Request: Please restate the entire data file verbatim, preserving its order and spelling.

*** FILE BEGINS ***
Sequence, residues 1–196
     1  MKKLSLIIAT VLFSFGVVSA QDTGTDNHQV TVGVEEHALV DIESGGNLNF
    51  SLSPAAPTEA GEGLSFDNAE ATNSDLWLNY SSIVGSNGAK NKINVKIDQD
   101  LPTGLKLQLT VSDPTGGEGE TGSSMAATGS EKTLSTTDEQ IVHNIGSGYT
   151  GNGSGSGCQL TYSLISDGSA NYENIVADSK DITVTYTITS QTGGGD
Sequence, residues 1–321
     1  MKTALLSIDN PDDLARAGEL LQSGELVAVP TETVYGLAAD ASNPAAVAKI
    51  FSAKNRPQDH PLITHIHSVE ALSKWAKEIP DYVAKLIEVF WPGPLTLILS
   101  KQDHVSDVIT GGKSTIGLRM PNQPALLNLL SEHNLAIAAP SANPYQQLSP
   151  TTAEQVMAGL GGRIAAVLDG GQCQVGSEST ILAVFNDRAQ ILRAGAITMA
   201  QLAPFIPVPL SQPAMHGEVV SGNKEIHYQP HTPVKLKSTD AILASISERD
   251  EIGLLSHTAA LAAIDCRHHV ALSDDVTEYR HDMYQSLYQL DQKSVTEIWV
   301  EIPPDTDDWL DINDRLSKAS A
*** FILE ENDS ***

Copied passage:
Sequence, residues 1–196
     1  MKKLSLIIAT VLFSFGVVSA QDTGTDNHQV TVGVEEHALV DIESGGNLNF
    51  SLSPAAPTEA GEGLSFDNAE ATNSDLWLNY SSIVGSNGAK NKINVKIDQD
   101  LPTGLKLQLT VSDPTGGEGE TGSSMAATGS EKTLSTTDEQ IVHNIGSGYT
   151  GNGSGSGCQL TYSLISDGSA NYENIVADSK DITVTYTITS QTGGGD
Sequence, residues 1–321
     1  MKTALLSIDN PDDLARAGEL LQSGELVAVP TETVYGLAAD ASNPAAVAKI
    51  FSAKNRPQDH PLITHIHSVE ALSKWAKEIP DYVAKLIEVF WPGPLTLILS
   101  KQDHVSDVIT GGKSTIGLRM PNQPALLNLL SEHNLAIAAP SANPYQQLSP
   151  TTAEQVMAGL GGRIAAVLDG GQCQVGSEST ILAVFNDRAQ ILRAGAITMA
   201  QLAPFIPVPL SQPAMHGEVV SGNKEIHYQP HTPVKLKSTD AILASISERD
   251  EIGLLSHTAA LAAIDCRHHV ALSDDVTEYR HDMYQSLYQL DQKSVTEIWV
   301  EIPPDTDDWL DINDRLSKAS A